The government has extended the availability of 100% first year allowances (FYAs) on the acquisition of zero-emissions cars, goods vehicles and equipment. This was due to end in April 2021 and will now come to an end in April 2025.
This include the following, which must be new and unused:
- electric cars and cars with zero CO2 emissions
- plant and machinery for gas refuelling stations, for example storage tanks, pumps
- gas, biogas and hydrogen refuelling equipment
- zero-emission goods vehicles, and
- equipment for electric vehicle charging points
The measure is designed to incentivise the uptake of zero emission vehicles, following the government’s announcement that the sale of new petrol and diesel vehicles will be phased out by 2030, and all new cars and vans will be required to be 100% zero emission at the tailpipe by 2035.
This means that transport and logistics companies will be able to benefit from 100% upfront tax relief on the purchase of energy efficient vehicles.
For example, if an energy-efficient vehicle cost £100,000, this would lead to a deduction against taxable profits of £100,000, generating tax relief of £25,000 (at the corporation tax rate of 25%). This does not impact the company’s AIA (Annual Investment Allowance) limit and it remains available for allocation against assets which do not attract specific first year allowances.
The first year allowances described above are separate to the new ‘full-expensing’ rules which apply from between 1 April 2023 to 31 March 2026 on plant and machinery, which is new and unused and not purchased for the purpose of leasing). Both first year allowances and full expensing preserves the AIA limit which can be used against second hand plant and machinery, special rate pool assets (such as water systems, heating systems, air con systems) which is more tax efficient as these assets would otherwise be eligible for less tax relief upfront.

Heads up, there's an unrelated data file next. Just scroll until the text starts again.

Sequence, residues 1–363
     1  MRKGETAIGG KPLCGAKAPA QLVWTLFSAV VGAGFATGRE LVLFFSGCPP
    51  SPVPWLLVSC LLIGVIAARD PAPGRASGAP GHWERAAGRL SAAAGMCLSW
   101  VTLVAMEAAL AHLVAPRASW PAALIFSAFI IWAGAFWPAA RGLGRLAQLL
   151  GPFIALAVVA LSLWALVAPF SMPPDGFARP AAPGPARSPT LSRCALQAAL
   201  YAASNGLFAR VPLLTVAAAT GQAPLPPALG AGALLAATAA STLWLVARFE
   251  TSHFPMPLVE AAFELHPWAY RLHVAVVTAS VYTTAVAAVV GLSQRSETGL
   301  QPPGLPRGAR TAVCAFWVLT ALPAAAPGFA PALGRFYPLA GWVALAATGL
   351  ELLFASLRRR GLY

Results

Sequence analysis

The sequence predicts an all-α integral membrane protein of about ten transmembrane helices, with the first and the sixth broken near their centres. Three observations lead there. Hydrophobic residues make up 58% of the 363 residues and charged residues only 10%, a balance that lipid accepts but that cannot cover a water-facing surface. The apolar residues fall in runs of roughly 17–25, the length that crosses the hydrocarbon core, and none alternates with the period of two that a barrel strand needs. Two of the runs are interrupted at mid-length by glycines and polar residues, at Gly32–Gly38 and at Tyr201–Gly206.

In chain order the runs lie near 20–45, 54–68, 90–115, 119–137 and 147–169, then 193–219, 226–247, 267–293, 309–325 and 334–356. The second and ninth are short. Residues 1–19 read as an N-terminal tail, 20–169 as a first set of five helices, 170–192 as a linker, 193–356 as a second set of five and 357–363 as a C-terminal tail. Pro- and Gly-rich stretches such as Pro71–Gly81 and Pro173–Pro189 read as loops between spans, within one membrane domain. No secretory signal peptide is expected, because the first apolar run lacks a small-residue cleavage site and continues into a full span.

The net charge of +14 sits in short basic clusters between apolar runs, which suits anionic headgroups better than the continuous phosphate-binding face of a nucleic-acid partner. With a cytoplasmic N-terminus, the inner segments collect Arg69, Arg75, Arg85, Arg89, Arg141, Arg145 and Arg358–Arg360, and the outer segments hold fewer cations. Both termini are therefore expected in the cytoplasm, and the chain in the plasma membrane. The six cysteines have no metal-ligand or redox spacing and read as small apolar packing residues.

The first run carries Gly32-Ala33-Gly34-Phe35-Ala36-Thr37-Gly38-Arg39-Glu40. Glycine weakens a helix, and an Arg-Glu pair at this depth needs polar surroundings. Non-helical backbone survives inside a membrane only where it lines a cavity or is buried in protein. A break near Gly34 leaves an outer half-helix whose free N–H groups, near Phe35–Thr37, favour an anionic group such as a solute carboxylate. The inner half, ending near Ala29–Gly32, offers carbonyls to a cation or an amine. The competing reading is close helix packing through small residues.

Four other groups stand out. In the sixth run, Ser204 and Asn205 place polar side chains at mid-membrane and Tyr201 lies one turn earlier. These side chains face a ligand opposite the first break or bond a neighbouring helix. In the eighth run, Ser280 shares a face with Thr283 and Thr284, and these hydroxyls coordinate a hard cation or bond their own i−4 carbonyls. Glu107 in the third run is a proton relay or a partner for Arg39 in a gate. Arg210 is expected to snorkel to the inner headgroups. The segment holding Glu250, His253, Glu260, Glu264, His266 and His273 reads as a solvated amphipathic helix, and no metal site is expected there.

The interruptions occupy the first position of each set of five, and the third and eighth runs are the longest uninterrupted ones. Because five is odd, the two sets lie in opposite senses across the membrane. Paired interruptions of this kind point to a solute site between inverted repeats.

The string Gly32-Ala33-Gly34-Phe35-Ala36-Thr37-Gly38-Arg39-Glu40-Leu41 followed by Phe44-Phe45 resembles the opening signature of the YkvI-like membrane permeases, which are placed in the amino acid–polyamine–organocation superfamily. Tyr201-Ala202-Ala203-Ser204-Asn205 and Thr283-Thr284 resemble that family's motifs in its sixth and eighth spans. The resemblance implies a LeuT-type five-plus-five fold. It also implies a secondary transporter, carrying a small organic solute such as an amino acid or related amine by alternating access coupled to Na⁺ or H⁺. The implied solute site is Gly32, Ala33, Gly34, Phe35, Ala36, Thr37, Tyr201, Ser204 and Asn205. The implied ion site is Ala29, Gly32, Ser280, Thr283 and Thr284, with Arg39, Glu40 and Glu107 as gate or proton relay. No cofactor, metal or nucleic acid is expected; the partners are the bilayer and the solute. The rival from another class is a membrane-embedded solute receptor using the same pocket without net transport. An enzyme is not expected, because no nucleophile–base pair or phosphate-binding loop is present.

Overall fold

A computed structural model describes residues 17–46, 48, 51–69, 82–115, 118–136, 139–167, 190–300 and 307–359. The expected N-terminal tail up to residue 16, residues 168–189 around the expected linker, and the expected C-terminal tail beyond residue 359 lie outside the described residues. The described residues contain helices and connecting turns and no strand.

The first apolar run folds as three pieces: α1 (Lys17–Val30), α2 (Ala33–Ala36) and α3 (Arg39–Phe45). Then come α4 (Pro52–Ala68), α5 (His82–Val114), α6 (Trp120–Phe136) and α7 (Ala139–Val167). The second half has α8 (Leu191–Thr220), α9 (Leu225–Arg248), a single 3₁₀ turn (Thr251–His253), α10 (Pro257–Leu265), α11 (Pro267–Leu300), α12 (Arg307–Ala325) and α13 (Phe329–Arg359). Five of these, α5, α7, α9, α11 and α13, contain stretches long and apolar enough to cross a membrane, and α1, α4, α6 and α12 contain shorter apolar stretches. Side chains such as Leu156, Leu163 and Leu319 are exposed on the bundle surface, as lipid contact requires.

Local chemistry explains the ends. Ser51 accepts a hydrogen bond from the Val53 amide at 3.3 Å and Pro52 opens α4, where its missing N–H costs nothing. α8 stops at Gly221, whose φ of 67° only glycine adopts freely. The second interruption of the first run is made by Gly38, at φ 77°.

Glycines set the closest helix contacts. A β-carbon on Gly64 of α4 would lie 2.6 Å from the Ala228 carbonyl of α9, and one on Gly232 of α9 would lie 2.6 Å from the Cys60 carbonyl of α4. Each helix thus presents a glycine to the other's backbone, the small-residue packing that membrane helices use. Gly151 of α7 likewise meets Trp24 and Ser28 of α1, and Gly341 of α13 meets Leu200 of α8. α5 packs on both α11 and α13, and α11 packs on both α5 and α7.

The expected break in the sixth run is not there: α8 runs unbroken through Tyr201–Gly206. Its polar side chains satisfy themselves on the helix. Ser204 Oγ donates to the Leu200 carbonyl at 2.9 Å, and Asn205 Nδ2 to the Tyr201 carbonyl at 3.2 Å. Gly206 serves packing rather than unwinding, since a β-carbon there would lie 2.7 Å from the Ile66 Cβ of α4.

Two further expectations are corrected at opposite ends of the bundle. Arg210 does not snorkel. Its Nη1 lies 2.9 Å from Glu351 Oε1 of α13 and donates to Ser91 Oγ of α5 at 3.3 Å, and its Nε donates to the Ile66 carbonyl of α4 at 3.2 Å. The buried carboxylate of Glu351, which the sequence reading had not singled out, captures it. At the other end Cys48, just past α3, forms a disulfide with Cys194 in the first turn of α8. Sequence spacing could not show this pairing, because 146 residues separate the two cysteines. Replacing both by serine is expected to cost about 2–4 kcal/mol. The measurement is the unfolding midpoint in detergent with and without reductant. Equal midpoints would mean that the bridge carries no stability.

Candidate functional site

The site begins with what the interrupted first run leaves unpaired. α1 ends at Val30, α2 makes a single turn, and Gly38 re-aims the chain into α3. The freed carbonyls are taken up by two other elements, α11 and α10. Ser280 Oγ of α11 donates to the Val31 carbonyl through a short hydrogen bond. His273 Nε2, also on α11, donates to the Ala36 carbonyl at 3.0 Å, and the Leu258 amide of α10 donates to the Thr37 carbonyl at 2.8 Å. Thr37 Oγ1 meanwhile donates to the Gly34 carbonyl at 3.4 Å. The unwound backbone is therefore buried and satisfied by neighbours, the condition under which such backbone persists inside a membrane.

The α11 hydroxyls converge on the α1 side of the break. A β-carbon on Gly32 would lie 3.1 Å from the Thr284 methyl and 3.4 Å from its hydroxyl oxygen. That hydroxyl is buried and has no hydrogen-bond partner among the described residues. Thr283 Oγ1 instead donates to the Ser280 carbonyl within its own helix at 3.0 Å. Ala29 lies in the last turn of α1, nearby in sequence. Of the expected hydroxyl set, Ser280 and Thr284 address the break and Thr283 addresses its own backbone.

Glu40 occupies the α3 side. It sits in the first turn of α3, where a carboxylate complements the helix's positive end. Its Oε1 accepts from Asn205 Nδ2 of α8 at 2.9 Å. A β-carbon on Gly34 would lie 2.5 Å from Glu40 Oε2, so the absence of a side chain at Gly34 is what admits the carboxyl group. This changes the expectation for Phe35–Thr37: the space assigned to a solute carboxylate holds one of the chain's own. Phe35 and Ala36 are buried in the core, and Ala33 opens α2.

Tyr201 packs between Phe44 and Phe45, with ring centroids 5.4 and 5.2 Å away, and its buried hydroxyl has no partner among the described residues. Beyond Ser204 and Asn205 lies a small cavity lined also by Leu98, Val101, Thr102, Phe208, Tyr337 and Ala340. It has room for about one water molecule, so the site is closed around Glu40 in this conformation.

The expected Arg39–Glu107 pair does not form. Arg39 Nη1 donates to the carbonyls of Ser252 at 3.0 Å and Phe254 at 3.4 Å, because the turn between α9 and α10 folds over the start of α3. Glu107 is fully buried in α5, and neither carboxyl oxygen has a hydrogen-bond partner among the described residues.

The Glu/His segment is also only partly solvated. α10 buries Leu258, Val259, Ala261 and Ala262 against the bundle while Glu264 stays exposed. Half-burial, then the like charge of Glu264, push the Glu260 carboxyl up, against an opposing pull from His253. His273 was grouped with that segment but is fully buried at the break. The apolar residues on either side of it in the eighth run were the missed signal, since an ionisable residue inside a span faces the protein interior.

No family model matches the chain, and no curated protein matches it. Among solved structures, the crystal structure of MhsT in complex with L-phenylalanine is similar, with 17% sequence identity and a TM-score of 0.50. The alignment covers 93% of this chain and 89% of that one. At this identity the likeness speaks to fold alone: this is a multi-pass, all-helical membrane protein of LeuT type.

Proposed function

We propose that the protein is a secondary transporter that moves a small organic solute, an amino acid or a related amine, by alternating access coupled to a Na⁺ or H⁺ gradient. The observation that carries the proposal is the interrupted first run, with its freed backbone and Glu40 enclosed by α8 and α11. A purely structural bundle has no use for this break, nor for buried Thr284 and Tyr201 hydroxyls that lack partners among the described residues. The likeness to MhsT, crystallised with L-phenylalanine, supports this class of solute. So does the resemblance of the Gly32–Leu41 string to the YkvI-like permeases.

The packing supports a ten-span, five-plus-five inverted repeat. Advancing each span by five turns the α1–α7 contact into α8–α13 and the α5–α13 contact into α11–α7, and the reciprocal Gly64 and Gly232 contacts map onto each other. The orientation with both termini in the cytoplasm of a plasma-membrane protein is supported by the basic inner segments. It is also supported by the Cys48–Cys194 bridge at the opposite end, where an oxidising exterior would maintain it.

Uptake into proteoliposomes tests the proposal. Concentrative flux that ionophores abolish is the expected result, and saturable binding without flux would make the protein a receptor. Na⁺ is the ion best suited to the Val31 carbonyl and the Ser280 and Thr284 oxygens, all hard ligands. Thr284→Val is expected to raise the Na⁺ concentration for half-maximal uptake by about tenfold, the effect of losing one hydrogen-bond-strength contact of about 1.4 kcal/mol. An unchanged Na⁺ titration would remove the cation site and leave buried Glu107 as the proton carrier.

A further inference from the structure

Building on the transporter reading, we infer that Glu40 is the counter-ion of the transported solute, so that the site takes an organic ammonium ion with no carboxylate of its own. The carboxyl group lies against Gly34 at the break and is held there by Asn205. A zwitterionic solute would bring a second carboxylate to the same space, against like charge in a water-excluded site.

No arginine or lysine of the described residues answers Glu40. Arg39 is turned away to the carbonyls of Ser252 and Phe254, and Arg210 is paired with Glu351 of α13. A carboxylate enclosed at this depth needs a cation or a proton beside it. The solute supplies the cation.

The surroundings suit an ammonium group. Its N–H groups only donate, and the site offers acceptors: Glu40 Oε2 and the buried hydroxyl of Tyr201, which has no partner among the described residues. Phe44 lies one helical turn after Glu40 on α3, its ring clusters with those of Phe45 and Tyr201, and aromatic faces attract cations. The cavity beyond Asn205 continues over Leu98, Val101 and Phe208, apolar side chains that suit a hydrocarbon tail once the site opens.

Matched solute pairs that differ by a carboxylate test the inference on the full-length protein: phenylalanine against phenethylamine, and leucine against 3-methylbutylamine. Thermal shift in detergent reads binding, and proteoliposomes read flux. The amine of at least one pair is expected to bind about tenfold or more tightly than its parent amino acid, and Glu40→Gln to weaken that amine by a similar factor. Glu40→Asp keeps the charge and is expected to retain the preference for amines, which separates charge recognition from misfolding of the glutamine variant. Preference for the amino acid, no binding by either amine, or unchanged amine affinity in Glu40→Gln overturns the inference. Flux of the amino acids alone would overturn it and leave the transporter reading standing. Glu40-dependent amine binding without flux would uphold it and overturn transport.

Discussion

The recent mini-budget has meant that the planned reduction of the AIA amount from £1m to £200k has been revoked and it will now remain at a ‘permanent’ limit of £1m. This can also be allocated against the spend of energy efficient vehicles if there is ‘spare’ allowance remaining.
For vehicles paid for in tranches, provided the expenditure is not required to be physically paid more than four months after the date on which the obligation to pay becomes unconditional, (i.e. typically the invoice date), each tranche of cash paid will attract the tax relief upfront outlined above.
Where companies purchase fleet vehicles under different lease options, the timing of the tax relief can vary. Under hire purchase arrangements, companies will enjoy greater tax relief up front via first year allowances mentioned above. Compared to assets purchased under a finance lease, tax relief is provided as the costs are incurred and therefore the tax relief is spread over the period of the lease.
Following the recent extension of first year allowances, there are some generous tax treatments for energy efficient vehicles. Ensure to speak to your advisor early in the process so that the timing of any capital spend on vehicles can be reviewed and tax reliefs maximised.